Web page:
People warming up before a run | Pexels
The annual Red White Run 5k hosted by the Wright State University (WSU) Air Force ROTC Detachment 643 allowed participants to run in-person this year on April 3 while allowing others to complete the race virtually.
The in-person race, which occurred at Elvin R. King Cross Country Course in Cedarville, required registration through the event’s website and limited participation to 80 runners. The virtual component, which allows runners to compete wherever they desire, is taking place between April 3 and 10.
Raising money for a good cause
A crucial part in planning this race, according to the 2021 race director Sarah Rovinsky, was flexibility.
“As a staff, we fielded many changes that required our immediate attention and problem solving,” Rovinsky said. “Coordinating sponsorships was significantly more challenging than in previous years due to the financial strain many businesses and individuals have faced during the pandemic.”
The race was originally set to be held at the WSU Dayton campus but relocated to Cedarville due to university guidelines.
Proceeds from the Red White Run 5k go to support Fisher/Nightingale Houses Inc., a local organization that provides physical and mental support to veterans and their families. Over $3,300 has been raised for the organization during the coronavirus pandemic, according to Rovinsky.
Since Fisher/Nightingale Houses Inc. is government-owned-and-operated, it is more difficult to take certain actions to support house managers and guests such as purchasing food and gift cards, putting on special events and making certain purchases such as storage buildings.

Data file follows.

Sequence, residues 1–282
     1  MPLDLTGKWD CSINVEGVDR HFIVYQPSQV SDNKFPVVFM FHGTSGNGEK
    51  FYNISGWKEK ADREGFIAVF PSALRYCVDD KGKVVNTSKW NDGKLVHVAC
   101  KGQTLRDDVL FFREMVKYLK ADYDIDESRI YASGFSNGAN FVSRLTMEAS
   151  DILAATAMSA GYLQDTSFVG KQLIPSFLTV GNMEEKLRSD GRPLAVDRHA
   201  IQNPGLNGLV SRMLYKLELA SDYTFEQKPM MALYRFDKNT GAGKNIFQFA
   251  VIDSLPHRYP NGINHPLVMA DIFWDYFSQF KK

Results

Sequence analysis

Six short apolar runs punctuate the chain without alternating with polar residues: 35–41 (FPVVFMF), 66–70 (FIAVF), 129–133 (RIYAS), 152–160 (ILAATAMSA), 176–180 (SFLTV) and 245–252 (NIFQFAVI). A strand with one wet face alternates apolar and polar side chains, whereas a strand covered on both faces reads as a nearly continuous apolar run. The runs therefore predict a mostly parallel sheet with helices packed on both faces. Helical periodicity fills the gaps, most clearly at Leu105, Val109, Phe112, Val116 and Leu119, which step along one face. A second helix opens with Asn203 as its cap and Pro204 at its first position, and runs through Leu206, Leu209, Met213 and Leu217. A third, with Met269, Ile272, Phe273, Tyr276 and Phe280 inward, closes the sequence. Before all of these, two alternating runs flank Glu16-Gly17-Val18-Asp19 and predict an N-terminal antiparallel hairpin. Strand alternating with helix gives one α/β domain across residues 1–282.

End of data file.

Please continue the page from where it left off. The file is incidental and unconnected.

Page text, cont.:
The organization manages two houses by Wright Patterson Air Force Base and one by the Dayton VA Medical Center, which includes 37 suites.
“If [the organizers of the 5k] donate $2400 to us, that will take care of the equivalent of 80 nights in the three houses,” director Chris Stanley said.
Stanley estimates that the race has raised $10,500 for Fisher/Nightingale Houses since it commenced in 2017.
One of the participants in this year’s event is 2020 race director Rachel Croyle.
“Once you leave the 5k, you always want to support the 5k,” Croyle said. “That’s why I’m running it this year.”
The future of hybrid 5ks
A benefit of hybrid 5k races is that they allow more people to participate. Runners in the area can receive the in-person racing experience while others, including those who have scheduling conflicts or live in remote locations, can run virtually.
“The Air Force Marathon being hybrid would allow many officers that are all across the country to participate, without having to leave their job,” Campus Recreation logistician Eli Gerkensmeyer said.
Croyle, a University of Dayton student, sees these hybrid races benefiting military students who move away after receiving their degrees.
“It’s great for especially our alums that have come from our detachment to be able to run it wherever they go,” Croyle said. “With the military, we spread out after graduation wherever we may be, and there are a ton of people that have supported in the past that are also military-affiliated or move away for whatever reason.”
Rovinsky says there is a definite possibility that the virtual component will continue with future 5k races.
“This year’s race tested what could be possible for us and due to its success, I hope they will continue to provide this opportunity to participants,” Rovinsky said. “It’s an excellent way for runners who live out of state to be able to get involved and contribute to an awesome cause.”